While most of the feedback I’m getting from sending the script for THE SPACESHIP out to various talent is positive (and some feedback is outright exciting), there are some who find the content so uncomfortable that they inform me that they’re leaving the country around the time of production (which is obvious bullshit). Others don’t show up to their first meetings, not because they’ve read the script but because science-fiction isn’t a priority for them. In my experience, this mainly happens with male actors. On my last casting experience I had the same problem (it too was a sci-fi movie, only it was set in Boston in 1998 and dealt with alternate realities and time travel). With that project I did auditions first, then invited actors to play the roles. After receiving the script (post-audition), most of the male actors backed out, several claiming they got “called out of the country”. One funny rejection came from someone who said that his girlfriend read the script and informed him that he wasn’t allowed any kissing scenes unless he was receiving a substantial paycheck. I found that hysterical. One of the actors I caught in a lie when a short film he starred in came out a few months later – and after making some inquiries it turns out he shot the movie in Queens, at the time he was supposed to have been gone. I would have never had seen this film had a friend of mine not been his co-star. This was when I first discovered the out-of-the-country bit. The third problem that came up in my previous casting experience was that a lot of actors audition for the sake of practicing their audition and to learn the process, without ever having the intention of committing to a role. I’m not sure if their acting schools tell them that this is okay, but I assure you it’s not. It’s wasting the time of a lot of people. They want to read for me so that when it comes time to read for someone like NBC or Disney, they’ll be on their game. This is also related to a practice where actors will show up to an audition, just in case this quaint little indie film is a cover for a much bigger, more notable project. Should the reality of the audition turn out to be what it is advertised as, the actor will often pass on the project without having read the script. Due to these unexpected twists and one other factor, I had no choice but to put the production of THE HARBINGER (working title) on hiatus. After this experience, I wrote all of my projects to feature females aged 20-35. This demographic almost always showed up and accepted roles if offered. Caroline of Virginia and Lipstick Lies, most notably, had strong female leads for no other reason than that I knew I could depend on the actresses. It was clear to me that if I wanted to keep talented actors on board my projects, I would have to write for the ones willing and able. This cultural phenomenon hasn’t changed. With THE SPACESHIP, I received 350 submissions in the first 24 hours of the casting notice going live. Over 200 of them were females in the 20-35 range.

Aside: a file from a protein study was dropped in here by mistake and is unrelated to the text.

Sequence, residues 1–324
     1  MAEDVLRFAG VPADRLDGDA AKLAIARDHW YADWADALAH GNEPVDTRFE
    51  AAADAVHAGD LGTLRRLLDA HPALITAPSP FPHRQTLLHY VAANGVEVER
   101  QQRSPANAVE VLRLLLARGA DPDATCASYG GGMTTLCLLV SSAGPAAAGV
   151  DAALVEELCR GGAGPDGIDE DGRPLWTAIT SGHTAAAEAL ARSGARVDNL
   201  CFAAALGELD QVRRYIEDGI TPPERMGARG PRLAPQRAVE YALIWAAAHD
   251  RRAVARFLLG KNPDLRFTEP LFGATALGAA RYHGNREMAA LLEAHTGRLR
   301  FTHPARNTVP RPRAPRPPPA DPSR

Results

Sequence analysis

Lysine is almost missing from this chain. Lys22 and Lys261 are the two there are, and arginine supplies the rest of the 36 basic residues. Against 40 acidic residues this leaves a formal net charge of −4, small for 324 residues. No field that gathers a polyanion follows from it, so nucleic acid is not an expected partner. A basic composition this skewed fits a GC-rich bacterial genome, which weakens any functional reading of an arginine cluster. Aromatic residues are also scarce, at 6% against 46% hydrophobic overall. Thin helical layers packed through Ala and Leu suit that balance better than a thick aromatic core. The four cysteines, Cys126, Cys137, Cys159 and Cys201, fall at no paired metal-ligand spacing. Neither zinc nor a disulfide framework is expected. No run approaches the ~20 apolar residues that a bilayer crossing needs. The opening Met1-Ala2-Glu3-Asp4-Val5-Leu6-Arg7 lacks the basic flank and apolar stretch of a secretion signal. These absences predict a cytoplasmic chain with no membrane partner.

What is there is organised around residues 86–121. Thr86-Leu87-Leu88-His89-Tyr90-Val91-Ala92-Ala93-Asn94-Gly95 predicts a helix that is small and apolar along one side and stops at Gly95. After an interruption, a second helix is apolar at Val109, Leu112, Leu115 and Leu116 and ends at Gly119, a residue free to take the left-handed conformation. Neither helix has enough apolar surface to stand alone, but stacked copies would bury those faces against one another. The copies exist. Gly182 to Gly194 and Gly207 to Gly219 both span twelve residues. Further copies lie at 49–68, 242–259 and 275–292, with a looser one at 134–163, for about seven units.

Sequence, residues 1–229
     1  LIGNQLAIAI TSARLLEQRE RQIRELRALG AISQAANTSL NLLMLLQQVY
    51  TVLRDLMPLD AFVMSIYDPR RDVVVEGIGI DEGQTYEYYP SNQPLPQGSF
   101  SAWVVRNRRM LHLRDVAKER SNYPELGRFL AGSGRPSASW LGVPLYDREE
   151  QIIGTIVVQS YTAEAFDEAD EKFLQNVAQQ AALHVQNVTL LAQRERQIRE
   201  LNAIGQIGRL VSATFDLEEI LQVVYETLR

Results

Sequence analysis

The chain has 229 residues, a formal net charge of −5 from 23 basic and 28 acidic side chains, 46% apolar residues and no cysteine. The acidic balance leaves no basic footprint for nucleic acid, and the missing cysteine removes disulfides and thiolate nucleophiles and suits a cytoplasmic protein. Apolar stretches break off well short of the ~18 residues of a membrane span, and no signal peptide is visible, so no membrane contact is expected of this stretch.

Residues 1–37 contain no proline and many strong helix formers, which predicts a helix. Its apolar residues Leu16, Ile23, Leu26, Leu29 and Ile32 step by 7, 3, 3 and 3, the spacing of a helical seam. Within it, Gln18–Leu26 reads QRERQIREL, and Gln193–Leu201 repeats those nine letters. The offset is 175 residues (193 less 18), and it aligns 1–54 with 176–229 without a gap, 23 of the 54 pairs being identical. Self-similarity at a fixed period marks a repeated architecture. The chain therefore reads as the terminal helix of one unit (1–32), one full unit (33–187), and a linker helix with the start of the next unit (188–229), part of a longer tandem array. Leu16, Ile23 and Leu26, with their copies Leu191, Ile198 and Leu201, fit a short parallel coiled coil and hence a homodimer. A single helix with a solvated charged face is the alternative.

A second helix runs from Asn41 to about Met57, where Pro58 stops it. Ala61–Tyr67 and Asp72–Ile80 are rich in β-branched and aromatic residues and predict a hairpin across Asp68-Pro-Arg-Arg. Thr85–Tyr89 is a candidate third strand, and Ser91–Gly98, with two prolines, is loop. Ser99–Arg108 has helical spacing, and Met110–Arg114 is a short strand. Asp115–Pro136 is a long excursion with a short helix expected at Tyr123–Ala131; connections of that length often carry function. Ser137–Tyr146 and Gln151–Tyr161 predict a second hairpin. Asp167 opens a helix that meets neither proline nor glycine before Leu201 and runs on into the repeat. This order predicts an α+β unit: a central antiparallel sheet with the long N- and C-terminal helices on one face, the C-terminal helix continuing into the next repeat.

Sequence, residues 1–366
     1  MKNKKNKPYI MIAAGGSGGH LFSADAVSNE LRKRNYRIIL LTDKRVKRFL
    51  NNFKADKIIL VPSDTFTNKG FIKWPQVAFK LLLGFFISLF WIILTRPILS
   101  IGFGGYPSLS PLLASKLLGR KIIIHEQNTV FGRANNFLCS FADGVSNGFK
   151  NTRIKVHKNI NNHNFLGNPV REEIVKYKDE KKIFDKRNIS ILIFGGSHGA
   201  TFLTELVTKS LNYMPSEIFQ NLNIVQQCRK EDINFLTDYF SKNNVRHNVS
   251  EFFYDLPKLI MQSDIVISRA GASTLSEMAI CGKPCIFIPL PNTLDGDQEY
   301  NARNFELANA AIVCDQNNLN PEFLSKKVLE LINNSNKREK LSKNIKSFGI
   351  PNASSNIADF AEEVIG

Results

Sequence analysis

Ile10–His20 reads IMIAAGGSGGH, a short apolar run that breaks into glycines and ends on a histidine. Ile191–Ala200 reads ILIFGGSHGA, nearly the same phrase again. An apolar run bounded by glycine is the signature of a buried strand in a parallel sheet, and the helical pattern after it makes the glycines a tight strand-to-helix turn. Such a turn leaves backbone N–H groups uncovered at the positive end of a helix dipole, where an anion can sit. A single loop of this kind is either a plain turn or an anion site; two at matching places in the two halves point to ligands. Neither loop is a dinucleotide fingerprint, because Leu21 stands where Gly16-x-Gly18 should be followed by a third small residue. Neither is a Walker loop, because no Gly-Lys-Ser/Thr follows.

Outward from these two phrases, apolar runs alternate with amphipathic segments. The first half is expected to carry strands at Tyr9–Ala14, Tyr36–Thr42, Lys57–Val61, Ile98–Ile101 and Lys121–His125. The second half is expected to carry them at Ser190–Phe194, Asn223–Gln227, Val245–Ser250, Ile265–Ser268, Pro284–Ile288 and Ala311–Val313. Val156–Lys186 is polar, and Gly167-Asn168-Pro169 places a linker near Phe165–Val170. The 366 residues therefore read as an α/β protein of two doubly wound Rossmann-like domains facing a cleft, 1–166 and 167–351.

Like all of my projects, you live you learn. In an effort to keep the production of THE SPACESHIP on track and consistently moving forward, I’ve taken a different approach in casting. I can no longer waste time on people who are not 100% serious. While I’ll probably make a few errors here and there, I feel my new system is working out so far. For one, I’m meeting with most of the actors first. I’m not conducting reads or anything like that, it’s a simple chat – for one to see if they truly are interested in this project, to discuss what my goal is with the film and what their ultimate business plans are as actors. The main thing though is to see if they can keep a date. All of their resumes kick ass. They’re theater trained and have extensive film and TV experience so clearly they know their stuff. But there’s more to casting than that. This “filtration system” of casting seems to work. Many would-be flakes are pulling the same old “out of the country” gag long before I waste my time auditioning them and others aren’t bothering to show up, are cancelling and so forth. One woman in the 40-50 range even informed me: “I don’t want to schedule a meeting because I might get a real audition”. I responded with “but lady, this is your audition! I’m auditioning your work ethics!” Regardless of the fact that this is a paying gig, it doesn’t matter. Indie film is still the bottom of the barrel for some talent and those are the people I’m trying to weed out.
With all that said, we have a lot of amazing prospects and a lot of talent I’ve met with and will continue to meet with this month. My new system of pre-audition interviewing seems to work. We’ve even got several key roles cast, filled by some extremely talented actors (announcement to come later this month). I’m very much looking forward to March – when I will have my cast in place and rehearsals for a spring shoot will be under way. Until then, the mission to fill in the 10+ open roles continues!